Family of Scholars Finds an Academic Home at UT Dallas
2 Sisters Earn Graduate Degrees as Mother and Sibling Pursue Their Own Studies
May 22, 2013
The Valente family (from left): Sarah, who just completed her master’s degree in literary studies; father, Jorge; mother, Maria, who is an undergraduate student in sociology; Junia, who is pursuing a PhD in software engineering; Rubia, who earned a PhD in public policy and political economy; and Rubia’s husband, Frederico Araujo, who is also a PhD student at UT Dallas.
Rubia da Rocha Valente graduated this year with a PhD in public policy and political economy, but she wasn’t the only person in her family receiving a degree from UT Dallas.
Rubia’s youngest sister, Sarah, finished her master’s degree in the humanities this semester, majoring in literary studies and concentrating in translation and Holocaust studies.
“This is very exciting for our family. We have really found a home at UT Dallas – it’s a place we have shared together,” said Rubia.
Joining Rubia and Sarah in their studies is their sister, Junia, who is currently pursuing her PhD in software engineering, and the girls’ mother, Maria, is an undergraduate student in sociology.
“We’re all here,” said Rubia, laughing.
It’s been a long journey for the Valente family to arrive at this point. The entire family moved from São Paulo, Brazil, to Texas in 2000. None of them spoke any English.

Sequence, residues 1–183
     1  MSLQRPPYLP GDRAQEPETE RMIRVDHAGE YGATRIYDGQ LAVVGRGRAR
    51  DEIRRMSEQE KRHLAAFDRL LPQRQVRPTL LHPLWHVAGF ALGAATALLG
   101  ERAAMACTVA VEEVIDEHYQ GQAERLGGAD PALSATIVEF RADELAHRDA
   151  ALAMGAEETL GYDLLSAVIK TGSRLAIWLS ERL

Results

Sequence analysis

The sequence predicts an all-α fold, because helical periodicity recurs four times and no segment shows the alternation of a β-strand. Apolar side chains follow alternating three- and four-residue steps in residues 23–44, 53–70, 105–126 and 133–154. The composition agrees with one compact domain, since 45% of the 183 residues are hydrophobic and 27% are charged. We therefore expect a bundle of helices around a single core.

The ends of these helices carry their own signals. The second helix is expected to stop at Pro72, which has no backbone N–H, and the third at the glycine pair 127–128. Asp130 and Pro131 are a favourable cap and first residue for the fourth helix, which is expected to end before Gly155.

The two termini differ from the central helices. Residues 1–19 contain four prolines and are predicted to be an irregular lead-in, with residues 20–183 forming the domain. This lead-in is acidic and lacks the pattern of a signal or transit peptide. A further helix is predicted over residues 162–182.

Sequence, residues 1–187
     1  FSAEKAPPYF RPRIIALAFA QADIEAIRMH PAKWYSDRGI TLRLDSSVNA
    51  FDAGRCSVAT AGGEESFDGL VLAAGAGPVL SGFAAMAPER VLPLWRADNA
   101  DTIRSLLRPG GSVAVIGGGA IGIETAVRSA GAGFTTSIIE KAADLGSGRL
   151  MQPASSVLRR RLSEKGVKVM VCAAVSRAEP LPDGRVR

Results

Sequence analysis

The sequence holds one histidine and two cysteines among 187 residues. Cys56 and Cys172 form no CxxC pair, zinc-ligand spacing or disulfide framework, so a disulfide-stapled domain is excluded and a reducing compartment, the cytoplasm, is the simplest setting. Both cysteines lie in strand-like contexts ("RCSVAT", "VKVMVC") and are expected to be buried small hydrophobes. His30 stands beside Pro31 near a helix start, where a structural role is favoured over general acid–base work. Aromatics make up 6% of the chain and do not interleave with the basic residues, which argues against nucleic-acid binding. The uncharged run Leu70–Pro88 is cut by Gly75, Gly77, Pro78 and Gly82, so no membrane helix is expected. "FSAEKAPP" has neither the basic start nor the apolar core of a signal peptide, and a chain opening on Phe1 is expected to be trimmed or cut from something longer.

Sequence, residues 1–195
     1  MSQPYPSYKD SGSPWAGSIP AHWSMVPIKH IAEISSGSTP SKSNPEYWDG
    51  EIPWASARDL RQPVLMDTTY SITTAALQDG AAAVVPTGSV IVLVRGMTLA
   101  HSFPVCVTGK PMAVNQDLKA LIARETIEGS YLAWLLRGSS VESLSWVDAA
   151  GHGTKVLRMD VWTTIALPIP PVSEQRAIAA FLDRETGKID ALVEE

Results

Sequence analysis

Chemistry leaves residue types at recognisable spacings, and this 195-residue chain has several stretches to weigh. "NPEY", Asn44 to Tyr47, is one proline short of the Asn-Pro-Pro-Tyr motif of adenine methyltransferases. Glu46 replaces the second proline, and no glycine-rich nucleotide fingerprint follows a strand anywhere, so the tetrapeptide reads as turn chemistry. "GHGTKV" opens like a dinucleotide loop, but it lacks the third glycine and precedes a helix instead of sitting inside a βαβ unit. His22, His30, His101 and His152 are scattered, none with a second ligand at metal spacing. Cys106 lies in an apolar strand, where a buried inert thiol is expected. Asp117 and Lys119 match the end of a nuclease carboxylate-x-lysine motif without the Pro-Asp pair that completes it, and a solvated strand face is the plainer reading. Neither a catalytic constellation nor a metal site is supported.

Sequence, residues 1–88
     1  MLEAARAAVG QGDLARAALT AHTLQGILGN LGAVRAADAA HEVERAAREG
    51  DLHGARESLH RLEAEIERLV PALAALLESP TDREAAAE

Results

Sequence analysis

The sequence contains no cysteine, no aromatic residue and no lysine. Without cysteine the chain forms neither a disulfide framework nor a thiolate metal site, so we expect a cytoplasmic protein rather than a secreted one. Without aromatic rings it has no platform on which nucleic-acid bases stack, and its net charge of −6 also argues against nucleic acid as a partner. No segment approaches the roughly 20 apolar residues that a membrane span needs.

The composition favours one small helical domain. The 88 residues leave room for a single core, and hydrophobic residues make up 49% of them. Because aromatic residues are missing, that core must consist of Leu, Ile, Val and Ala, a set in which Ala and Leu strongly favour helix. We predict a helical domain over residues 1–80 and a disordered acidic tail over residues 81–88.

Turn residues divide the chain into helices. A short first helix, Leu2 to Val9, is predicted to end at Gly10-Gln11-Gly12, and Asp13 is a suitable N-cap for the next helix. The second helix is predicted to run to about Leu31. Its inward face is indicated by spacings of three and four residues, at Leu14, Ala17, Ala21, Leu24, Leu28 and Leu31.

“I was in the sixth grade,” said Sarah. “On our first day, we were given an oral English competency exam, and our chaperone, who spoke English and Portuguese, later told us that the teacher had asked us to raise our hands but we sat motionless in our chairs.”
Sarah, like her sisters, overcame the language barrier and rose to the top of her class. She was named valedictorian at Jack E. Singley Academy in Irving.
“I always say I’m the smarter one,” joked Sarah. “But in truth, as the youngest kid, my sisters’ example and academic success created a well-structured path for me to follow.”
Rubia and Sarah both focused their studies around their home country. Rubia’s dissertation concentrated on the effects of racial discrimination on high school performance and college admission in Brazil.
“I focus my research on Brazil and Latin America, where there’s a dearth of research, it seems, especially on Brazil, in a lot of areas. There’s a lot to explore,” said Rubia.
Rubia is staying at UT Dallas for another year as a post-doctoral researcher under her dissertation advisor, Dr. Brian J. L. Berry.
Sarah has been awarded the Belofsky Graduate Fellowship from the Ackerman Center for Holocaust Studies. The fellowship provides financial assistance to students wishing to pursue a doctoral degree in the School of Arts and Humanities in the areas of Holocaust studies, modern Jewish culture, or comparative perspectives on the American and European Jewish experience.
“I plan on researching about and translating the memoirs of Holocaust survivors who fled to Brazil. It’s a field that hasn’t really been explored yet,” she said. “The Ackerman Center has opened up this avenue for me to combine my interests in literature, translation and history.”
In addition to their academic pursuits, all three sisters play in the UT Dallas orchestra. Rubia plays the violin, Sarah plays the cello, and Junia plays the viola.
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